Be sure to check out PennSound's LA-Lit homepage, where you can listen to many more programs featuring readings and discussions with Will Alexander, Diane Ward, Sawako Nakayasu, Lee Ann Brown, Eileen Myles and Nada Gordon, among others, and keep an eye on PennSound Daily for news of new additions to this exciting series, which has its finger firmly on the pulse of contemporary poetics on the West Coast, the East Coast and all points in-between.

Tenney Nathanson: New Author Page

Posted 3/18/2009 (link)

Earlier this week, we launched a new author page for poet Tenney Nathanson, bringing together a trio of full-length readings and a recent radio appearance to provide a thorough portrait of his contemporary work, as well as snapshots of where he's been before.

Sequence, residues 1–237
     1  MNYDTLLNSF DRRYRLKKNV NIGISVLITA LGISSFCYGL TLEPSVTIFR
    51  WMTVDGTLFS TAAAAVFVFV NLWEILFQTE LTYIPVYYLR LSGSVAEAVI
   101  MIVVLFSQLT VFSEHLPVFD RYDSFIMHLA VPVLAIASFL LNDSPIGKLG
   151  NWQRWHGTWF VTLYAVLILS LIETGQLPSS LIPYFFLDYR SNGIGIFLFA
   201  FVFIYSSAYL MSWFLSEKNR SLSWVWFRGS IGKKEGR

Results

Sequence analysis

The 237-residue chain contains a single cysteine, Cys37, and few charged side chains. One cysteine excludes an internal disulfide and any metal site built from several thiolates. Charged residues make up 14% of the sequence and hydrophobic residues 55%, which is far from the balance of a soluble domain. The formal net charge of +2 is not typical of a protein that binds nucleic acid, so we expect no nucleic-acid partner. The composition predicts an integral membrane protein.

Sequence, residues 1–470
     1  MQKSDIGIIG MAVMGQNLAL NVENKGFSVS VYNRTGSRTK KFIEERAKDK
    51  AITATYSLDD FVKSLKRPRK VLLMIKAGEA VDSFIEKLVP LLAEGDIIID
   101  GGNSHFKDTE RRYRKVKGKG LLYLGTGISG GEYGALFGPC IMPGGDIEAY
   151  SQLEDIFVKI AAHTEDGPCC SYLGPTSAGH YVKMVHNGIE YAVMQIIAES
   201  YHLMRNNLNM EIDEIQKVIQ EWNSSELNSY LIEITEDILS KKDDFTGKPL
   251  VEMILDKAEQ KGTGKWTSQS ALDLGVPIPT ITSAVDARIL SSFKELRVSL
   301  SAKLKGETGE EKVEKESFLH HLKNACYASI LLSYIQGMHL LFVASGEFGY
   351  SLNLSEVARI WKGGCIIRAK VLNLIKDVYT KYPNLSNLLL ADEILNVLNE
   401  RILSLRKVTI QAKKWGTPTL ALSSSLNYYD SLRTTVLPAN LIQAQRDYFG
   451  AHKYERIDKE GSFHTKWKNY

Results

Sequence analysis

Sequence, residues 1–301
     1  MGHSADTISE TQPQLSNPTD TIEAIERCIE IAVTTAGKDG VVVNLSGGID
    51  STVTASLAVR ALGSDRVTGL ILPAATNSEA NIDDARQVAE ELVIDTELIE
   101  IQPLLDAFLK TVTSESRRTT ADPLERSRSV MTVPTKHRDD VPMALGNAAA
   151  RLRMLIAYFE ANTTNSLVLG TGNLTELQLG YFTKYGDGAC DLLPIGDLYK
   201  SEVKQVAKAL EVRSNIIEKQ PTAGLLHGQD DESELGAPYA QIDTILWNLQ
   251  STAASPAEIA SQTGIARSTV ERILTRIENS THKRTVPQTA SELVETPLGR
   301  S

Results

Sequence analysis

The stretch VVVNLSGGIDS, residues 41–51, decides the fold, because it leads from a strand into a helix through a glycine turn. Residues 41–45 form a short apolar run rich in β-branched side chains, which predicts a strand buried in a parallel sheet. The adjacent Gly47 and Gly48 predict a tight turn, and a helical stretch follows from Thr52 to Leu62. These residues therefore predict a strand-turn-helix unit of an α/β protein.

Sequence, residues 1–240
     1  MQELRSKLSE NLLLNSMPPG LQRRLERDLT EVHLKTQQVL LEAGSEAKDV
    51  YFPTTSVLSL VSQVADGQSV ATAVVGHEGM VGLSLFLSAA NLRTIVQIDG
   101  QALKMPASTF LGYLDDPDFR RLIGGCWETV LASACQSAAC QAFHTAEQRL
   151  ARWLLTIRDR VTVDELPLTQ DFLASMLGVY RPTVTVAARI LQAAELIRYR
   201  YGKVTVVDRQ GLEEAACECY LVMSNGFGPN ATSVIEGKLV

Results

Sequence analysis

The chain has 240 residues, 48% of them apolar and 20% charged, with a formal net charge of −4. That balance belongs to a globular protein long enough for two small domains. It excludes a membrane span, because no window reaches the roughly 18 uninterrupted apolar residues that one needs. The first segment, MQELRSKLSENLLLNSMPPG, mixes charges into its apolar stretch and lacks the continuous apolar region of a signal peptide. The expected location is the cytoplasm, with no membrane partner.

We begin with Nathanson's April 28, 2007 Segue Series Reading at the Bowery Poetry Club: a thirty-five minute set in which he draws equally from the earlier collections Erased Art and Home on the Range, as well as the manuscript-in-progress, Ghost Snow Falls Through the Void (Globalization). Nathanson also shares excerpts from this nearly-completed book-length poem in a pair of readings at the Poetry Center of the University of Arizona, recorded almost exactly a year apart in November of 2007 and 2008 — the former as part of POG and Chax Press' POG Sound reading series (Nathanson notes in the latter that only about 50% of that evening's reading overlaps the earlier one). Finally, we've included a three-minute appearance on KXCI-FM's "A Poet's Moment" program, in which Nathanson reads "Bad Zen Boy," also from Ghost Snow Falls Through the Void (Globalization).

We're very happy to be able to share our material with our listeners — especially since so much of it is not yet available elsewhere — and hope that it will help to keep Nathanson's fans satisfied until Ghost Snow Falls Through the Void (Globalization) is eventually published. Click on the title above to start listening.

Leonard Schwartz and Zhang Er at NYU, 2006

Posted 3/20/2009 (link)

This afternoon, we added a reading by husband-and-wife duo, Leonard Schwartz and Zhang Er, recorded November 20, 2006 at New York University.